The head nurse was clearly nervous as she showed me they were now properly bandaging and treating the wound, and it was healed by the time we went to the clinic. The clinic confirmed my suspicion it was caused by sitting too long in the wheelchair.
Mealtime madness and mitigation
Prior to Dad’s fall, he could feed himself, but now he needed assistance, and he was a slow eater. Despite my explanation of his needs to the nursing home staff, he was left mostly unattended in the dining room. When the dining room had to be cleared, an aide frantically fed him as quickly as possible, which didn’t give him enough time to swallow his food or finish his meal. As a result, he was retaining food in his cheeks after meals. Therefore, I tried to be with him for lunch or dinner daily so I could feed him in his room at a leisurely pace. We greatly enjoyed this time together. Quite often he was peacefully dozing by the time I left.
Escape from exile
After a couple of weeks in the nursing home, Dad was rapidly declining physically, emotionally, and cognitively. He received 15‒20 minutes of physical therapy daily. But I saw no evidence of rehabilitation occurring. After a few weeks in the tall-back wheelchair, he was again stuffed into a short-back wheelchair and was again slumping over badly. I begged Dad’s doctor to order his discharge, but it seemed she was at the mercy of what the physical therapists told her.
I was elated when a therapist announced Dad would soon be discharged due to lack of progress with his physical therapy, but the next day the nursing home reversed course, on the pretext that he was suddenly doing some walking during physical therapy sessions. Skeptical of this claim, I hired a private-duty certified nurse’s aide to stay with him a few hours each morning and report back to me. She observed his physical therapy, and by her fourth day on the job, the therapists announced they would soon discharge Dad.
We brought Dad home on January 22, 2015, after six weeks in the nursing home. He was extremely weak, pale, and uncommunicative. By then we had obtained the equipment, supplies, physical therapy, and nurse’s aides needed to provide adequate in-home care. We soon realized he had severe pain in his right leg. An ultrasound revealed it was full of blood clots. His doctor prescribed the appropriate medicine, which brought quick relief.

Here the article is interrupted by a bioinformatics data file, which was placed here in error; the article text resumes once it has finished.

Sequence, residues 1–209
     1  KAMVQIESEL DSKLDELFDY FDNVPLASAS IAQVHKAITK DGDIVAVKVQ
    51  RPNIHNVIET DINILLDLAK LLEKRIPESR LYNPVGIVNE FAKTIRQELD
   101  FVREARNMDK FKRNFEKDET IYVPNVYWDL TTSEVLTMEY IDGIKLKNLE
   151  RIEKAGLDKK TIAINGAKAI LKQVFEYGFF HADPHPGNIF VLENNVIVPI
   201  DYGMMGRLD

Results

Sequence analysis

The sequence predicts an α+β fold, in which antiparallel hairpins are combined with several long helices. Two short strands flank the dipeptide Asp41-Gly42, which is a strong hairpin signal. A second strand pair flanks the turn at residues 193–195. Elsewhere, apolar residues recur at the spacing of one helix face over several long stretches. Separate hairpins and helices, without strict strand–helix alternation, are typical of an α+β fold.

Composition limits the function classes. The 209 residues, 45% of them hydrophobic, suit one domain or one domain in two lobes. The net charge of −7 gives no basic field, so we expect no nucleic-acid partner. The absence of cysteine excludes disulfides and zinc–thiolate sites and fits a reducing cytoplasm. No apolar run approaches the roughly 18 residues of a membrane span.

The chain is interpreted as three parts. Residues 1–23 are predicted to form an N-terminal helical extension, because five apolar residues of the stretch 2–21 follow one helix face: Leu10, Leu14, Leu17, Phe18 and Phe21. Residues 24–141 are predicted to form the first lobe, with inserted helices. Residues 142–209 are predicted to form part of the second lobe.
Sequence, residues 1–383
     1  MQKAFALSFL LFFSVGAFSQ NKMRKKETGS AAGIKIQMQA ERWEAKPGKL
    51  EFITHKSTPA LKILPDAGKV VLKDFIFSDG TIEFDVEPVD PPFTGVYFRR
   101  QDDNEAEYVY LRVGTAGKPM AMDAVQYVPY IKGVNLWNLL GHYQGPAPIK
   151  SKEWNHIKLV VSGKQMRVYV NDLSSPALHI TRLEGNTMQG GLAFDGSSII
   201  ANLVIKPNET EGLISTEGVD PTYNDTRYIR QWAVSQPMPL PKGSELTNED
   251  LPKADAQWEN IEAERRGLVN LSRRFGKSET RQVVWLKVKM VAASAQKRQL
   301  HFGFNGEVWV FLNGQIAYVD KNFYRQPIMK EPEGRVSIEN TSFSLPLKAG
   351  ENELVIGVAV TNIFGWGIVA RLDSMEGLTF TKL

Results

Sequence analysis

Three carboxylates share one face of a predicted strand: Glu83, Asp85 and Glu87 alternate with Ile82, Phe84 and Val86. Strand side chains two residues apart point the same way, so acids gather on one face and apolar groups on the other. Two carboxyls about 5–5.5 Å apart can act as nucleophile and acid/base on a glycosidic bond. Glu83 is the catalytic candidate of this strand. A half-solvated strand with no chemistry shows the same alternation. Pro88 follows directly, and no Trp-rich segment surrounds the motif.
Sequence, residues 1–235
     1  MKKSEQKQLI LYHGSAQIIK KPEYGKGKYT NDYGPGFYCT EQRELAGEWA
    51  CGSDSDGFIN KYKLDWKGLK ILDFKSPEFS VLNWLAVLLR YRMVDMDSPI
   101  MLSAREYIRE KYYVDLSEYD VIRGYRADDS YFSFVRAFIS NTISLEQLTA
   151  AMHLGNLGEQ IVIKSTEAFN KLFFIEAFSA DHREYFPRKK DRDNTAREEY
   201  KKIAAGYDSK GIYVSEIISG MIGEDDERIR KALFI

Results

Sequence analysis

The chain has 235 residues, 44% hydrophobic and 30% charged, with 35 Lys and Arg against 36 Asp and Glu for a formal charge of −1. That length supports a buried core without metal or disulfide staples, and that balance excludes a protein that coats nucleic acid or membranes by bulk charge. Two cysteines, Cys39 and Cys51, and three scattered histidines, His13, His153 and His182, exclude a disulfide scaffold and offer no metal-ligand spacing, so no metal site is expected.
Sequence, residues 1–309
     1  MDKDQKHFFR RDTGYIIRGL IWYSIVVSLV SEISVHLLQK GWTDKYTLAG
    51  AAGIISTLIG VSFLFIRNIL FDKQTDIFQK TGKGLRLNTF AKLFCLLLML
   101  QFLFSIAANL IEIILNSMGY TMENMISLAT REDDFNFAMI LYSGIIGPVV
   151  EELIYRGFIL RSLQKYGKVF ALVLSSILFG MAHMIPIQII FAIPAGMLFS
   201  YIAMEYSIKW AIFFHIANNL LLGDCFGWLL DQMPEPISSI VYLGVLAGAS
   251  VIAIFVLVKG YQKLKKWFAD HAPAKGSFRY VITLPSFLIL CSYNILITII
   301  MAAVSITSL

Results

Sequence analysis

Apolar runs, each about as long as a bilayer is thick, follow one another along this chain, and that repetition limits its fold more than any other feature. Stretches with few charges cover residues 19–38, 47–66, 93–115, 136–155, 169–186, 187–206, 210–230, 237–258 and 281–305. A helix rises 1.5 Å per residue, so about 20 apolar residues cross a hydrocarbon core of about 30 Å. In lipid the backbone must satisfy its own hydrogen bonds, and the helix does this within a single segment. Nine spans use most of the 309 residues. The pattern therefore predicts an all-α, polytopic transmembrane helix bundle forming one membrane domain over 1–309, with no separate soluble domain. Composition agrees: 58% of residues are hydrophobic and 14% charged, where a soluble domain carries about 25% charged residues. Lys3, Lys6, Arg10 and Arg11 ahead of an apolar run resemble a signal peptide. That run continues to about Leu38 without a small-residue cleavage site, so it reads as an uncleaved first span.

If we had been locked out of that facility, would we have been able to get him discharged as soon as we did? It most likely would have been more difficult or impossible. Would anyone have noticed the above-described problems and addressed them? Probably not. If he had remained there much longer, I believe Dad would have suffered dire consequences resulting from medical complications, as well as the cumulative effects of neglect, isolation, confusion, and depression.
After just two days at home, Dad began a remarkable recovery—physically, emotionally, and cognitively—that continued for almost a year. Unfortunately, by December 2015, he was showing symptoms of terminal lung cancer. In March 2016, he passed away peacefully at home. We were and remain incredibly grateful to have had those priceless 14 months with him at home after his discharge from the nursing home.
|After two weeks in the nursing home, Margaret’s father began to decline in health rapidly.||Once he was able to go home, it only took two days for him to make a remarkable recovery.|